As you will be aware, the public health restrictions on our daily lives have now been officially extended by the Government. While I know this will be frustrating for everyone, it is really important that we continue to adhere to these new rules. They will ensure we can help to slow the spread of coronavirus in our communities and in doing so, help to save lives here in Bristol and further afield.
While many of us are becoming used to a new sort of normal, and the new ways of working and living it brings, there remains a real uncertainty for many. I of course support the extension of the lockdown in principle, but am pleased that Keir Starmer has called on the Government to publish its proposed exit strategy from the measures currently in place. Nobody is asking for a timetable, as this would be both unrealistic and unhelpful in the current circumstances. But it is vital that people here are given a clearer understanding as to what future steps will likely be necessary for us to transition back towards “normal” everyday life. As your MP, I’ll be working with Keir to get these answers.
Parliament is currently in recess, but I’ve had a busy week here in Bristol, with conference calls replacing the usual round of meetings! It was really good to catch up with Mayor Marvin Rees and his staff on a wide range of issues around coronavirus, including social care and domestic violence.
I also joined a call with our Police and Crime Commissioner to discuss police enforcement of social distancing and get an update on the Local Resilience Forum. It was good to hear her say that local police have adequate PPE and that crime across the region is down.
Mayor Marvin Rees and I joined another meeting with Councillor Anna Keen, Fare Share and Feeding Bristol to discuss Government funding of school meal provision during the holidays. The financial impact of coronavirus means that many more children will be entitled to Free School Meals but we’re concerned that additional Government funding is not being distributed between Local Authorities in an effective way. We’ll keep working to make sure no child has to go hungry.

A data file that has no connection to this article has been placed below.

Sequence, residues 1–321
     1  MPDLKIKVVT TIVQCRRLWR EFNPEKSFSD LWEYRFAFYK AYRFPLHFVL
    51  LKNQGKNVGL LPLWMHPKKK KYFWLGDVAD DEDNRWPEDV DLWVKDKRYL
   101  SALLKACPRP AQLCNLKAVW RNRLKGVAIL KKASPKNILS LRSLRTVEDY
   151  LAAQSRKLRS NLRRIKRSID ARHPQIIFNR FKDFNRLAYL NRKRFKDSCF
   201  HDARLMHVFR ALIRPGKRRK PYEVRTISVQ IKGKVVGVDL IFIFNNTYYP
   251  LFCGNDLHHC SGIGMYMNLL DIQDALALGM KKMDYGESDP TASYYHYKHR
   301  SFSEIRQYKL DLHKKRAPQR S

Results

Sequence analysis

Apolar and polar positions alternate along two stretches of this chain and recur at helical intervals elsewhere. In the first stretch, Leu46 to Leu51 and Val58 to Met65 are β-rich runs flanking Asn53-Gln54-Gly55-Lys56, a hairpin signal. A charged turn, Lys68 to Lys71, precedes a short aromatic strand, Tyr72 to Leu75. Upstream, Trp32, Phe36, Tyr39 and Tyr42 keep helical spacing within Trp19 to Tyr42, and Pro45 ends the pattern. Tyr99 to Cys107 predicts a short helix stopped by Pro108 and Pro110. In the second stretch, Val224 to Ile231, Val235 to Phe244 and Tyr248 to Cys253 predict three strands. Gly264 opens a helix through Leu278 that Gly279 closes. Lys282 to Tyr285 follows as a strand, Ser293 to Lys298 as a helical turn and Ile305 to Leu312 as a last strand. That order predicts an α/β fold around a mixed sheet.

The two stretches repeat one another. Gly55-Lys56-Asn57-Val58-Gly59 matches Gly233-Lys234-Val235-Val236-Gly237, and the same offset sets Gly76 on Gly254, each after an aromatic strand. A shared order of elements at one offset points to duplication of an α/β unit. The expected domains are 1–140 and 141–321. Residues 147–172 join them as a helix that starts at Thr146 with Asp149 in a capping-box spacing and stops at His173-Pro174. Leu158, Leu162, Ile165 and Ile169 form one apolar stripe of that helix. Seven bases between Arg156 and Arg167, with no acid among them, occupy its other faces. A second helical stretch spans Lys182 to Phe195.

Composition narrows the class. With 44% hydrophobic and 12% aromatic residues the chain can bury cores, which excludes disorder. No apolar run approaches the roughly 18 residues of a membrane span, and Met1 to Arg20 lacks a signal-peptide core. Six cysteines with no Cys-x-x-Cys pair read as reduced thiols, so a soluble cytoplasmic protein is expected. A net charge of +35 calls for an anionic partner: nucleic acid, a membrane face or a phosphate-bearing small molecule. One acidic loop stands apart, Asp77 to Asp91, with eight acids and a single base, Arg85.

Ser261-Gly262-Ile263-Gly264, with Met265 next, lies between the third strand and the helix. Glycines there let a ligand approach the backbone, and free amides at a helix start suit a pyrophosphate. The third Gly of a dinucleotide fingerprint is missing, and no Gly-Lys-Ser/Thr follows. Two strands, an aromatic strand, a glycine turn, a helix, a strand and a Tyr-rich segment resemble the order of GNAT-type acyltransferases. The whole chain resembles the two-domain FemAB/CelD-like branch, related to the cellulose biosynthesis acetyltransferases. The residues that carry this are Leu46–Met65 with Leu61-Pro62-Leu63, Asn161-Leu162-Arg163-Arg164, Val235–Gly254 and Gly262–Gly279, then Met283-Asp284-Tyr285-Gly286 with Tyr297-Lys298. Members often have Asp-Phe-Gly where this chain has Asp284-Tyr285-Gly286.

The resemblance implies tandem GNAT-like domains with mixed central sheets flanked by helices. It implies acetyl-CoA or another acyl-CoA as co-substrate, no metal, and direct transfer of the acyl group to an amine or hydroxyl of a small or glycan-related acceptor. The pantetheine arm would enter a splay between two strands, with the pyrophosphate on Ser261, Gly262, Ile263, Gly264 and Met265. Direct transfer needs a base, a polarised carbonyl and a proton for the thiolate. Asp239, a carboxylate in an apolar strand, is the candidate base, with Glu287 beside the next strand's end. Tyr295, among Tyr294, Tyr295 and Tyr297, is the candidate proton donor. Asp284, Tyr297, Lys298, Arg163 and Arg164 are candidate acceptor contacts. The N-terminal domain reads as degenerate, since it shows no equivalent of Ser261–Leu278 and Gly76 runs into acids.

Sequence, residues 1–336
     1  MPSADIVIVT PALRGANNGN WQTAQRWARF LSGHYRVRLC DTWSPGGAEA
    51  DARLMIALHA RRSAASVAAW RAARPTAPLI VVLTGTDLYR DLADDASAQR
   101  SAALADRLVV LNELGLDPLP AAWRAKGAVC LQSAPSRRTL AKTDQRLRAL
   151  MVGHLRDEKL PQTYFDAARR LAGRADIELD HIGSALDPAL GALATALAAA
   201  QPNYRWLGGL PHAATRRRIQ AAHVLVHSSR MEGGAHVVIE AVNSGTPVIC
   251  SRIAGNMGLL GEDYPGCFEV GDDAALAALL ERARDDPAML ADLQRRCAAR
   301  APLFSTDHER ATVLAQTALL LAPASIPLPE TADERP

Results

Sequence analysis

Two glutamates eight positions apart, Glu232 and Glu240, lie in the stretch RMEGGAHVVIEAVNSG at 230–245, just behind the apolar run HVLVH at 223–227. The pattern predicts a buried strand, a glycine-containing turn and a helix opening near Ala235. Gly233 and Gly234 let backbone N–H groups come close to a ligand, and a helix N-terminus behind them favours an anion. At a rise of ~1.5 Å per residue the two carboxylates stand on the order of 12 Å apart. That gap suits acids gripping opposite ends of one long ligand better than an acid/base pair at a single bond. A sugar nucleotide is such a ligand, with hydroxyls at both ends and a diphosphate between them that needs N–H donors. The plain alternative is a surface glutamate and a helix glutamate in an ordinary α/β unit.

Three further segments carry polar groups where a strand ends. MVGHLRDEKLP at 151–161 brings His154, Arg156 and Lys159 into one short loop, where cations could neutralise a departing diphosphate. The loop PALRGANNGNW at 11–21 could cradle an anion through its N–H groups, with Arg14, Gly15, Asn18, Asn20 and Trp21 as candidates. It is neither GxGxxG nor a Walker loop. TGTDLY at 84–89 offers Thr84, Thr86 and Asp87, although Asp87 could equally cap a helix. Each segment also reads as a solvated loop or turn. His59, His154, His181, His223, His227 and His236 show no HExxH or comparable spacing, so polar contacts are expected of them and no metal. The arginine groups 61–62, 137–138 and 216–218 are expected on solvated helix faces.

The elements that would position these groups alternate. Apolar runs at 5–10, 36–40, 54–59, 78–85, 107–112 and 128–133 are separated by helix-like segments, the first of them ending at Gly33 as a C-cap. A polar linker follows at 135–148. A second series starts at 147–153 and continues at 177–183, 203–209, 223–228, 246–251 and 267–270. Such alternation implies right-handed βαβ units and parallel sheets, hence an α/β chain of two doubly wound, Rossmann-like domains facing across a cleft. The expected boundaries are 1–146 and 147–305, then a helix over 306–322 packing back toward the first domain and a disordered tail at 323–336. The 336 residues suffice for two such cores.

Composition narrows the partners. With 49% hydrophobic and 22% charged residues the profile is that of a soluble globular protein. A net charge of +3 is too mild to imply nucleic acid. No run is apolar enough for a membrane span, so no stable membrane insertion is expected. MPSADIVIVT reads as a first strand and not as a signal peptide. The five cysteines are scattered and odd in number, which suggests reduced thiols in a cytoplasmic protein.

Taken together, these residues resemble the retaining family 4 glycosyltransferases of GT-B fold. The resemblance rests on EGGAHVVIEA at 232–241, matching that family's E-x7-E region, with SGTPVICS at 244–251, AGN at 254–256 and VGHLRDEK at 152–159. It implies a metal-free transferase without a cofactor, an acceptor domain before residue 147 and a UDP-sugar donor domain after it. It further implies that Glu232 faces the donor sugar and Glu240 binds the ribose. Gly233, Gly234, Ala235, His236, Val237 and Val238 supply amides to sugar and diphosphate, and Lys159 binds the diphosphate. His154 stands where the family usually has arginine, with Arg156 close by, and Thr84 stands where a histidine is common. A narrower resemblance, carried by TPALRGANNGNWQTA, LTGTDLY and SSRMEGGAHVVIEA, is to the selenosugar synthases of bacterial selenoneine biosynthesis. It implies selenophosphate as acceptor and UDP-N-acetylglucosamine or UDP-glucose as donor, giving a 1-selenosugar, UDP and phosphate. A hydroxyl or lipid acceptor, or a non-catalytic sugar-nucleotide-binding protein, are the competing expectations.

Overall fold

I was delighted last week to be appointed as a shadow Minister for Green Transport. Shifting to more sustainable forms of travel will be such a massive part of tackling the climate emergency – and it’s something I’m passionate about. I’m really looking forward to working with shadow Transport Secretary Jim McMahon and the whole team.
Tuesday will see Parliament return from the Easter break – but with some changes to allow for social distancing. Parliamentary authorities have proposed that around 120 MPs dial in via Zoom calls to ask questions – with a further 50 allowed to sit in the chamber. It’s so important that we are able to scrutinise the decisions the Government is taking at this extraordinary time, and I’m really pleased that – like so many other people at this time – the Parliamentary authorities are going to use technology to make sure we can all still do our jobs.
In closing, I wanted to say a few words again about the tremendous efforts of NHS staff who are putting themselves in danger every day caring for those people most affected by the virus. I know we are all incredibly grateful for their efforts, and it’s been so heartening to hear the applause every Thursday night. But I think sometimes it takes an individual story to drive home just how brave and selfless these frontline workers are, and what sacrifices they are making to take care of us. I was incredibly moved by the story this week of Mary Agyeiwaa Agyapong, a nurse from Luton and Dunstable Hospital, which is where I was born. Mary died last Sunday after contracting Coronavirus. She was only 28, and was pregnant. Her little girl was saved by an emergency caesarean section.
It’s hard to fully comprehend the tragedy of a story like Mary’s or how her family must be feeling, but if nothing else, it makes us realise just how important it is that we continue to respect the social distancing regulations that are currently in place. Some people have literally given their lives to protect us. We must play whatever part we can to support them, no matter how small it seems.
My office remains reachable by phone or email, and as ever, please do contact us if we can help on firstname.lastname@example.org or by phoning 0117 939 9901. Remember – stay home, save lives, and do keep washing your hands!